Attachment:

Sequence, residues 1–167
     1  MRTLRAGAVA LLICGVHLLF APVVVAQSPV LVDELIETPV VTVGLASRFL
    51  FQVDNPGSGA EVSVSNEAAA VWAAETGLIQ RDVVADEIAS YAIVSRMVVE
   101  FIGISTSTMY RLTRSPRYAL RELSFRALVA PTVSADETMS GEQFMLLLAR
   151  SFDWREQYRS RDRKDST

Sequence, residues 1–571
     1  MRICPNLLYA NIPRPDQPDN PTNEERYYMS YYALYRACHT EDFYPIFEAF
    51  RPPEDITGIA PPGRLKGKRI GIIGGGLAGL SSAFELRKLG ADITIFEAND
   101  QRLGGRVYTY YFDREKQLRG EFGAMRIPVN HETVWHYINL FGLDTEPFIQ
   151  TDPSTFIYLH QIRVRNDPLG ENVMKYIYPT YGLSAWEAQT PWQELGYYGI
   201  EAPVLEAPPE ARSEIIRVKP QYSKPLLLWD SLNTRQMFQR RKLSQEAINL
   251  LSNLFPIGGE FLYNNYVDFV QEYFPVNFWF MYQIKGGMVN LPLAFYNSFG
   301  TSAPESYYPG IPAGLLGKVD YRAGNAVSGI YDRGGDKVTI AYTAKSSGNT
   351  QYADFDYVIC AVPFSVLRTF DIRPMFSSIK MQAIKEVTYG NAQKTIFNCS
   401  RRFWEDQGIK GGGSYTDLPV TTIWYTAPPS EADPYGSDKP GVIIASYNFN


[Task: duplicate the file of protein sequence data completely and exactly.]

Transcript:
Sequence, residues 1–167
     1  MRTLRAGAVA LLICGVHLLF APVVVAQSPV LVDELIETPV VTVGLASRFL
    51  FQVDNPGSGA EVSVSNEAAA VWAAETGLIQ RDVVADEIAS YAIVSRMVVE
   101  FIGISTSTMY RLTRSPRYAL RELSFRALVA PTVSADETMS GEQFMLLLAR
   151  SFDWREQYRS RDRKDST

Sequence, residues 1–571
     1  MRICPNLLYA NIPRPDQPDN PTNEERYYMS YYALYRACHT EDFYPIFEAF
    51  RPPEDITGIA PPGRLKGKRI GIIGGGLAGL SSAFELRKLG ADITIFEAND
   101  QRLGGRVYTY YFDREKQLRG EFGAMRIPVN HETVWHYINL FGLDTEPFIQ
   151  TDPSTFIYLH QIRVRNDPLG ENVMKYIYPT YGLSAWEAQT PWQELGYYGI
   201  EAPVLEAPPE ARSEIIRVKP QYSKPLLLWD SLNTRQMFQR RKLSQEAINL
   251  LSNLFPIGGE FLYNNYVDFV QEYFPVNFWF MYQIKGGMVN LPLAFYNSFG
   301  TSAPESYYPG IPAGLLGKVD YRAGNAVSGI YDRGGDKVTI AYTAKSSGNT
   351  QYADFDYVIC AVPFSVLRTF DIRPMFSSIK MQAIKEVTYG NAQKTIFNCS
   401  RRFWEDQGIK GGGSYTDLPV TTIWYTAPPS EADPYGSDKP GVIIASYNFN